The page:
NEC’s Response to Federal Requirement that International Students Attend Classes in Person
New England College’s Response to Federal Requirement that
International Students Attend Classes in Person
Henniker, NH (July 13, 2020) – Amid a national health emergency, the federal government just reversed its own policy to now require that all international students attend college in person, under threat of deportation. This move imposes an unjust hardship on international students already residing legally in the United States and upsets plans by colleges and universities to use online and remote learning to support students during this difficult time of an unprecedented pandemic. The administration’s decision also casts aside months of work that institutions of higher education have completed to support the educational goals of all of our students in this time of COVID-19.
I place an enormous value on in-person education. But a pandemic makes us all adjust and provide quality education to all our students in various modes of delivery. Times like these call for quick wits and cool heads. Not scapegoating. Therefore, as New England College President and Chair of the New Hampshire College & University Council (NHCUC), I support the legal challenge put forth by Harvard and MIT and have joined my colleagues at the National Association of Independent Colleges and Universities (NAICU) and the American Council on Education (ACE) in a letter to Congress expressing our opposition to this decision. We will ask legislators to convince the Department of Homeland Security (DHS) to withdraw the July 6 Immigration and Customs Enforcement (ICE) directive affecting international students or immediately pass legislation granting the flexibility both students and institutions need during a pandemic.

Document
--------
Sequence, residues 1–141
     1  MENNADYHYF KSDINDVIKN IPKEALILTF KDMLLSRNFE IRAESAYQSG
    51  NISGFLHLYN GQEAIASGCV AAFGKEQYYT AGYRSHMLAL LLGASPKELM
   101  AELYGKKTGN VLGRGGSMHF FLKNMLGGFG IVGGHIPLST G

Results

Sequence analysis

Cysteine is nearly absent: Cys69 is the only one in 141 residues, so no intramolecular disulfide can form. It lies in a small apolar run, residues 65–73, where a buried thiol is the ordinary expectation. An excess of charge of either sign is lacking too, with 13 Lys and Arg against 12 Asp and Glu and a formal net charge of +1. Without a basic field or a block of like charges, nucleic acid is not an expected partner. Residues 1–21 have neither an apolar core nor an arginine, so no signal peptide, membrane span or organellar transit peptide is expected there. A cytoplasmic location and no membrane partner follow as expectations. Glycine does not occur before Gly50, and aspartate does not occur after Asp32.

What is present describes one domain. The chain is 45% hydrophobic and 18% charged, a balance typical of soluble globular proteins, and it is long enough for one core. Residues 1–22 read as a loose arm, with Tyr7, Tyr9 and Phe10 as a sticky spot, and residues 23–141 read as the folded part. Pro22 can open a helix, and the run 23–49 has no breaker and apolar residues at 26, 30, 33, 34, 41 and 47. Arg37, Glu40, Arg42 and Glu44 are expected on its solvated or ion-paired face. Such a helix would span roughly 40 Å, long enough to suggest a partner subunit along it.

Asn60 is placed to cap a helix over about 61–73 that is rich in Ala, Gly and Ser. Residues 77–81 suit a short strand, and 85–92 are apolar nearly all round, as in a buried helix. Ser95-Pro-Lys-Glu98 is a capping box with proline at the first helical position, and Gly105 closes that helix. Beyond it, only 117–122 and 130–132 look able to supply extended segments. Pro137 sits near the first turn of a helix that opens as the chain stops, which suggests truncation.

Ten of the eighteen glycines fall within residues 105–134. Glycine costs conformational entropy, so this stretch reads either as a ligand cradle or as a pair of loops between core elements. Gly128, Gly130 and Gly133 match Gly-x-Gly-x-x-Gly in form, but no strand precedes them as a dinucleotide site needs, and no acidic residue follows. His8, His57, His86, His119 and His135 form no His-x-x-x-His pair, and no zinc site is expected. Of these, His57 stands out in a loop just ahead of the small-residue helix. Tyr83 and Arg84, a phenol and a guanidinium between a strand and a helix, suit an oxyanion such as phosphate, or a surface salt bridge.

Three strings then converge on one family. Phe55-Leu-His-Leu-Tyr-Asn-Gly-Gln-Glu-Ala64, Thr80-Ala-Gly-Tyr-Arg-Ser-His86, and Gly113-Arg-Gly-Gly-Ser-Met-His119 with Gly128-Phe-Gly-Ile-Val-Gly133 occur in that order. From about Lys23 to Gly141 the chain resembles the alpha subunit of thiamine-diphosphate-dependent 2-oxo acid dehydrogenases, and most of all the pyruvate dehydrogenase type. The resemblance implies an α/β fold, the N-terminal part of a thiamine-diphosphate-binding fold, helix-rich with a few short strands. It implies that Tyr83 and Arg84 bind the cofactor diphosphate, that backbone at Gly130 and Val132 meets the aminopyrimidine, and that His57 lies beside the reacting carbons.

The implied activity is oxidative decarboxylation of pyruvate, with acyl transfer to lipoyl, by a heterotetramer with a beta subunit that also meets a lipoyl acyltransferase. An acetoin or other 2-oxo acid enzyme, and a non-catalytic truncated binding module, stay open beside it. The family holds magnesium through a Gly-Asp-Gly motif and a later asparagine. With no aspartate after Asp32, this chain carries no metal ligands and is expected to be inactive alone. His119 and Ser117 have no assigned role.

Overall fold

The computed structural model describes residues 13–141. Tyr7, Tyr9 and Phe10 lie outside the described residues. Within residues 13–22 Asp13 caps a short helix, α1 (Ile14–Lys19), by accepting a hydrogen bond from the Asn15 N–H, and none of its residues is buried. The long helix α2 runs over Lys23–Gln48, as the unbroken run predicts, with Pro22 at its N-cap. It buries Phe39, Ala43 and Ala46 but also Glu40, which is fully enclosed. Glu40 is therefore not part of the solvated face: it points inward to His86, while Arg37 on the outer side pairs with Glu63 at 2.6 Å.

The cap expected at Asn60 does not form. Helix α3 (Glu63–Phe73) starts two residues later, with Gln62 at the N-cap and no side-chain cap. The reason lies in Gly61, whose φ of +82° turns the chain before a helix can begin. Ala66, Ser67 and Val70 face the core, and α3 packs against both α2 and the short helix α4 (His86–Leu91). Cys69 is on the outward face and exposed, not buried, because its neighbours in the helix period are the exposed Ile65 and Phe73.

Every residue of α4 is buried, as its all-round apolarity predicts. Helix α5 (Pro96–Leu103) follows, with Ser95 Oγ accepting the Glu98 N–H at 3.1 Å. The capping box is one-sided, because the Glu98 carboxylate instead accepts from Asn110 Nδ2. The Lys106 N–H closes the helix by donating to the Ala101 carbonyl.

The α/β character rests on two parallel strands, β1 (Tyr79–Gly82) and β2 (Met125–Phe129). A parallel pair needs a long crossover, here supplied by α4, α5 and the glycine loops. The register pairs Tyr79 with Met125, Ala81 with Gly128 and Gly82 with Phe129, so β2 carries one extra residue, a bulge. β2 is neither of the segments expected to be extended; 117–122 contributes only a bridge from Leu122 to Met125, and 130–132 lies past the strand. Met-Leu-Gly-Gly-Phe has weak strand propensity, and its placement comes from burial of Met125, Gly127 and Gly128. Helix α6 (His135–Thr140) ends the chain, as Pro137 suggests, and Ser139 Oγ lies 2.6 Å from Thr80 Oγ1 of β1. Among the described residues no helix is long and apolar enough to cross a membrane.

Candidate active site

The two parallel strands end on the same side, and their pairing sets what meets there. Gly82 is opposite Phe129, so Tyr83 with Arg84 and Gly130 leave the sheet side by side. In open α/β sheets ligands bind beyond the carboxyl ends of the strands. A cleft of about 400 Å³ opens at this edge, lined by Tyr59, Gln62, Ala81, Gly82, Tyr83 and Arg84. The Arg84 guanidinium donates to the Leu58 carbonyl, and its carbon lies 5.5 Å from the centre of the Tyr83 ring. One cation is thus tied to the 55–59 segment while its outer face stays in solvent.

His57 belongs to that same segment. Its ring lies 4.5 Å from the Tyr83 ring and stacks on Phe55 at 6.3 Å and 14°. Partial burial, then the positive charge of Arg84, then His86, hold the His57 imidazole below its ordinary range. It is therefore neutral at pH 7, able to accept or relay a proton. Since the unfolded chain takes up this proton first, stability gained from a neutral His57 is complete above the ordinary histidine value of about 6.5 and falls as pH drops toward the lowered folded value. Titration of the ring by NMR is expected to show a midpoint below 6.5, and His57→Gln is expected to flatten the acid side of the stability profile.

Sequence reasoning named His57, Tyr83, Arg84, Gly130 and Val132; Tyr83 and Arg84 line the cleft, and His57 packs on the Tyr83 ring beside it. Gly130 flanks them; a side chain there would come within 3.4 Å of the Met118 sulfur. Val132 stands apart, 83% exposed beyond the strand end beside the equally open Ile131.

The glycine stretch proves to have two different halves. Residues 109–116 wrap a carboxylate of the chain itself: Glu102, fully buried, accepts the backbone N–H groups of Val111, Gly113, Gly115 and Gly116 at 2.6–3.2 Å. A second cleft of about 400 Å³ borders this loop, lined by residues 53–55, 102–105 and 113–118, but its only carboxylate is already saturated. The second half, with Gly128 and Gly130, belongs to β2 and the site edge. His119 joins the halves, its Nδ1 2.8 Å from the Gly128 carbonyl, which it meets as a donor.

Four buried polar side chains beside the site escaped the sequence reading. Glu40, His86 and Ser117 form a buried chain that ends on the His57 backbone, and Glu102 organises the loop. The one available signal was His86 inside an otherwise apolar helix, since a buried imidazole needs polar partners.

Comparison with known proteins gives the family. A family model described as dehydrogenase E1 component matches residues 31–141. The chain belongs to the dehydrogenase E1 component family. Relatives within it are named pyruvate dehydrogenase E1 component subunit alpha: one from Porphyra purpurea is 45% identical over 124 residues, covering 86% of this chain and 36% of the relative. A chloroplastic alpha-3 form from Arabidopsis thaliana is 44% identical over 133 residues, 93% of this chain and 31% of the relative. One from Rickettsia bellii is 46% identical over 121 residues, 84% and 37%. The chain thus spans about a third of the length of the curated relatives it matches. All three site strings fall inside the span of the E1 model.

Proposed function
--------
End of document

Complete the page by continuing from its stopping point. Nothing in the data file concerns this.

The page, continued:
Educating international students is a long and proud endeavor for U.S. higher education. Our country’s post-secondary offerings draw the most brilliant and talented minds from almost every country on earth. The intellectual energy and the tireless pursuit of knowledge so evident in our students from abroad set an example for us all. Some of these students do remain in the U.S. after graduation and add to the talent pool that continues to make our country the world’s leader in technology, medicine, business, and the arts. The majority who return home leave with a positive attitude toward the United States, which also benefits our country in many ways. I have presided at thirteen commencements during my tenure as President of New England College and at these ceremonies I have proudly shaken the hands of thousands of accomplished international graduates. These students personify the very yearnings that built the country we cherish. It will be a great error to dampen their spirits with an unfeeling and unneeded rule.
We must not remain silent in the face of this action, but rather follow Thurgood Marshall’s urgent counsel: “Where you see wrong or inequality or injustice, speak out, because this is your country. This is your democracy. Make it.” By stepping forward and asking for redress, we in higher education may, I hope, provide a valuable civic example for our students and the larger community. Let’s hope we can resolve this problem quickly and get back to the work of education in the time of COVID-19.